Another example is ITC Ltd., one of India’s largest exporters of agricultural products. It developed what they call the “e-Choupal” initiative, which is enabling Indian farmers to significantly enhance their competitiveness through the power of the Internet. In essence, ITC created a network of “e-Choupals” (choupal means village square) in rural communities and, through these, farmers are able to check the market trading price of their produce and sell directly to ITC. This system has helped eliminate the inefficiencies in the supply chain caused by middle men at local rural markets.

Here in the Philippines our own Ayala group has developed some exciting new initiatives around increasing the accessibility and reach of microfinance.

Microcredit is a highly empowering tool for self-employment but many of the lower income segments of the market do not have access to credit from the legitimate banking sector. Using new technology platforms today, it is becoming economically viable to lend small amounts of money to customers who remain unbanked. In a new initiative, three of our companies, BPI, Globe, and Ayala, for example, are working together to extend microfinance facilities to poor communities and microfinance institutions using Globe’s cost effective over-the-air value transfer technology platform and BPI’s expertise in financial services. This, we believe, does not only help unbanked communities, but allows BPI and Globe to expand their market reach and create value for their businesses.

We are just continuing a trend that has been pioneered by highly respected non-profits like CARD here in the Philippines.

The second positive trend I see is the evolution of corporate philanthropy towards highly strategic and deeply collaborative approaches.

Never has corporate philanthropy been so integrated and cooperative than it is today.

The Bill and Melinda Gates Foundation, for example, is working with a wide range of partners, including the Rockefeller Foundation, to empower millions of small farmers in Africa to grow and build better, healthier lives. It has laid out a vision to provide everyone equal opportunity to uplift and improve their lives but it is using its influence to encourage collaboration. For example, it is investing in better seeds, training, market access, and working for policies that support small farmers in Africa. It is also providing education training and internet access to under resourced schools all over the United States. I have also been delighted to see their continuing support for agriculture and research through their support of IRRI in Los Banos, as one more example.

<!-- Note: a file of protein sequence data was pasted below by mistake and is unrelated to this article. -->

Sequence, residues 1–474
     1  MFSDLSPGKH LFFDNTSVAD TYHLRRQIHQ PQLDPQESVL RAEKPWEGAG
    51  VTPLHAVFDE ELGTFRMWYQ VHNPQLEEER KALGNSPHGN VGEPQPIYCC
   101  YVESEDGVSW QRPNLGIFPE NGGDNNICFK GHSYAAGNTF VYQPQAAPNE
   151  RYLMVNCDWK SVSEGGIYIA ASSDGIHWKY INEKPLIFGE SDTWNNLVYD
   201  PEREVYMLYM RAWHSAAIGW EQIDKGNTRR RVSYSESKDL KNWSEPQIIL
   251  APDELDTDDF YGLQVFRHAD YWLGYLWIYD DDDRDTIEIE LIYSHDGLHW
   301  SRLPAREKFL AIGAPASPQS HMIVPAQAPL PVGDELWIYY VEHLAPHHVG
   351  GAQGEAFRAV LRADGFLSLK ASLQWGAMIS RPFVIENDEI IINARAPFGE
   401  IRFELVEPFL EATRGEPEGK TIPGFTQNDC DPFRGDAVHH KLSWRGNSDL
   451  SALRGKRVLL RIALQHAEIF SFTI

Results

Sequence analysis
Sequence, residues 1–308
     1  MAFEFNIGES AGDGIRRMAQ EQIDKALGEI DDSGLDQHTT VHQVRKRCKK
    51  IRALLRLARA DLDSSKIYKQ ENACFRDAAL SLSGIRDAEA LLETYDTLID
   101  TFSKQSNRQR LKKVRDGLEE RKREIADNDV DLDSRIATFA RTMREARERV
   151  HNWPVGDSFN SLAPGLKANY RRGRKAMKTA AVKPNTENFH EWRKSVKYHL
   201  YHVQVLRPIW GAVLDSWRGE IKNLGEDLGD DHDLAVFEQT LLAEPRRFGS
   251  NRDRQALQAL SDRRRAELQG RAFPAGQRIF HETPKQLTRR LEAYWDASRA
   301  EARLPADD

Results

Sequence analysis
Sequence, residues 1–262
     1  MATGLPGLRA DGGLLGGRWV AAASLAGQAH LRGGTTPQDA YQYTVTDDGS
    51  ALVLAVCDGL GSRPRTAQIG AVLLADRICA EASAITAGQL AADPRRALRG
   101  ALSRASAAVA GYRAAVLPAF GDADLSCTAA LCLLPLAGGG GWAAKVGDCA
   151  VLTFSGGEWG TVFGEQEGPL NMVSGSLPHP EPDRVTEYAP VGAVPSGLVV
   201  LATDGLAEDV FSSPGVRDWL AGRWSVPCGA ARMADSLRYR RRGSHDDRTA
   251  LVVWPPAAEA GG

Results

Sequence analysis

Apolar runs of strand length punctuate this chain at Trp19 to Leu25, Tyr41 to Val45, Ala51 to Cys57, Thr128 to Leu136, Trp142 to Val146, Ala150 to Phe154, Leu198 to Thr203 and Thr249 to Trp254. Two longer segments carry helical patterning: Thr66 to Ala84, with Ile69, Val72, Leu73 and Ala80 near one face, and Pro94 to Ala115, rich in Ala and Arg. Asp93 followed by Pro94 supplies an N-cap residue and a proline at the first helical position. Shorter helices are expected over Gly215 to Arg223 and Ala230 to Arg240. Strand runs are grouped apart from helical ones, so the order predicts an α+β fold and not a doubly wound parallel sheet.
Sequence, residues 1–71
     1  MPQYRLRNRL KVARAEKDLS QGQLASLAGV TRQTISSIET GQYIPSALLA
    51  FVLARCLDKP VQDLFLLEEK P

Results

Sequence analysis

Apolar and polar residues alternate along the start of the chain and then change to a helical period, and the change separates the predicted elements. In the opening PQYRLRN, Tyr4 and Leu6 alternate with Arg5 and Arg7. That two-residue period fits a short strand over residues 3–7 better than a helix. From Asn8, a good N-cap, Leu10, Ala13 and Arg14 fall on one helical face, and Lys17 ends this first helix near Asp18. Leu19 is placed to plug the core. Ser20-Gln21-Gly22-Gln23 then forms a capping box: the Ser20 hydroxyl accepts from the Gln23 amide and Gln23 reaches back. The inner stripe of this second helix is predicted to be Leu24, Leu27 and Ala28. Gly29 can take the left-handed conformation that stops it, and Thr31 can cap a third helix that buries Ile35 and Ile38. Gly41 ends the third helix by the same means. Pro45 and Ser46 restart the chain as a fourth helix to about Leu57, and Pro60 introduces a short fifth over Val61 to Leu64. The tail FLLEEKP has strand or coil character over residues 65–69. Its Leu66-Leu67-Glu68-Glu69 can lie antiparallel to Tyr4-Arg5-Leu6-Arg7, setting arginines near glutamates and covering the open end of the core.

We have seen the same kind of multi-sector collaboration in the Philippines with our own experience with GILAS, where private corporations, local government units, and the Department of Education, have come together to help connect all the public high schools in the Philippines to the Internet. Ramon del Rosario’s own initiatives in helping promote a progressive agenda in education through Philippine Business for Education (PBEd) is another.

It is the same spirit of collaboration that is alive in the efforts of many public and private companies, local government units, non-government organizations, and citizen volunteers to work together to clean up the Pasig River, under the Kapit Bisig Para Sa Ilog Pasig. This massive and concerted movement harnesses the expertise and competencies of each individual and corporate volunteer to provide an encompassing, end-to-end solution to solve a huge problem like the Pasig River.

What these examples are telling us is that collaboration is key to bringing more permanent and long-lasting solutions. No one enterprise or sector can do it alone. Corporate philanthropy must apply the same strategic thinking and discipline of any business undertaking and work in partnership with a broad array of entities for it to achieve scale and impact.

The third trend I see is that businesses are increasingly open to the idea of managing with a “triple bottom line” approach.